Dementia Not Consistently Considered as Cause of Death
Both of my parents' death certificates cited the cause of death as organic brain disease, which basically means dementia. They each had dementia, though each of them suffered from a significantly different type.
Dad's was dramatic. It was the result of surgery that was supposed to prevent the mental decline he would eventually suffer as a result of a World War II brain injury. Something went wrong in the surgery, and he came out of that surgery totally demented.
Mom's dementia was a more general type, which included memory loss and declining ability to make sense of things, but she did not have Alzheimer's disease or vascular dementia.
When I looked at the certificates, I was a bit surprised to find organic brain disease listed as cause of death. I was aware at the time that Alzheimer's was considered terminal, as the body slowly weakens and "forgets" how to function. But I didn't consider that my parents would die from their dementia - especially my mother.
Washingtonpost.com recently ran a news article titled, "Dementia Often Missed as Cause of Death." My first thought was, "No kidding!" But I wasn't sure that it mattered a whole lot. When my parents died, they died. Mom was wasting away and in horrible pain from arthritis and cancer. Dad was slowly wasting away from the effects of his ten years of mental hell. When I saw organic brain disease on their death certificates, I thought, "Well, they have to put something down." And that was that.
This article opened my eyes. I've personally been asked (and I've seen the question asked on Our Alzheimer's) how Alzheimer's causes death. It is confusing to most people. Dementia affects the mind, right? How can people die from that, and why is it important that people consider this as a cause of death?
The article's main point is that when people don't understand that dementia itself causes death, they aren't prepared to make thoughtful end-of-life decisions. The article further discusses how the person's gradual deterioration affects body and mind. As in cancer or other diseases, the body gets too weak to survive, and often develops pneumonia or another infection.
Years ago, pneumonia was often referred to as "the old person's friend." The idea was that you have to die from something, and as life got more and more difficult and the person was faced with pain and misery, pneumonia would spare them a worse fate.
I've long thought about that. My mother-in-law suffered from dementia. I now wonder if she had Alzheimer's, as paranoia and delusions were a large part of her early symptoms. However, when she moved to the nursing home, she greatly improved. I saw her daily, and she seemed to feel safe and cared for, so the paranoia nearly disappeared, and I didn't see her having delusions as she the caregivers saw to it that she had a social life. She made friends and even played the piano again.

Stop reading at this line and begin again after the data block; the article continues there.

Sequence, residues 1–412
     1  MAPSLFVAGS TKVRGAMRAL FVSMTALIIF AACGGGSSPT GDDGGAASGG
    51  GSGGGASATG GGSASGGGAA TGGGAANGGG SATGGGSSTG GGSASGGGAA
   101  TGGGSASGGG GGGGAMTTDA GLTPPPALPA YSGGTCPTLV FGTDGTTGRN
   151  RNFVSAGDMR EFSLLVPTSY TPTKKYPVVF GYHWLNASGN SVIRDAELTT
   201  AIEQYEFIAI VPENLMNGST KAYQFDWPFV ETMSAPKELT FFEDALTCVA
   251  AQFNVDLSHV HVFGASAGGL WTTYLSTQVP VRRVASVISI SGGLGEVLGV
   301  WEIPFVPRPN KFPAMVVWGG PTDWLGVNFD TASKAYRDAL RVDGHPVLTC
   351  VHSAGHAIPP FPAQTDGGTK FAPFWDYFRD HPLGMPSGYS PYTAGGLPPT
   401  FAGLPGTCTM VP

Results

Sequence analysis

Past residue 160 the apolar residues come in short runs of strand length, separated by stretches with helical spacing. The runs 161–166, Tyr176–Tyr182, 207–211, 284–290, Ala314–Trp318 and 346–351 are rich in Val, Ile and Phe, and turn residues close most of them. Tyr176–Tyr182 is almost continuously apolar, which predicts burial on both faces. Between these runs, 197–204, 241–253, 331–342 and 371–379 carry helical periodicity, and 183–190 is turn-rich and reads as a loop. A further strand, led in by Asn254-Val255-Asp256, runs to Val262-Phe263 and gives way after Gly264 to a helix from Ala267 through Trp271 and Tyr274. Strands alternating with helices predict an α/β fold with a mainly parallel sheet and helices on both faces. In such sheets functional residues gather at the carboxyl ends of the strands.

Then, she developed pneumonia. It was a tough case and the doctor didn't think she'd make it, but they started a series of five powerful antibiotic shots, telling us grimly that if these didn't work, my mother-in-law would die. The shots worked and she lived. Sort of. She never got back to where she had been. Her dementia was much worse and she was unhappy. She was frail. She was unhappy.
Quite frankly, her time to die was likely when she had pneumonia. All intentions were good when it came to making her well. However, I can't help but think that all we accomplished was giving her two extra, miserable years. Her dementia grew worse, her body weakened, and she finally was able to die.
Had we known the future, and known that dementia was a terminal disease that would eventually take her if the pneumonia didn't, we maybe would have said that the extra potent shots were overload. Regular treatment hadn't worked. I'm not sure we even had much choice, but I can't help but wonder what was really right.
This very situation is why doctors are saying that people need to know that dementia is terminal. If a family knows that, then they maybe would take a second look at prolonging a life, thus sentencing the person they love to more misery, until the dementia takes their life. At the very least, they would have more information to work with.
Making decisions about life and death will always be wrenching. I write often about knowing what the person would want under these circumstances, should they occur. But we don't always have the luxury of knowing ahead what choices we'll be faced with. The best we can do is educate ourselves. And learning more about dementia as a terminal disease, in and of itself, is a good first step. I intend to learn more.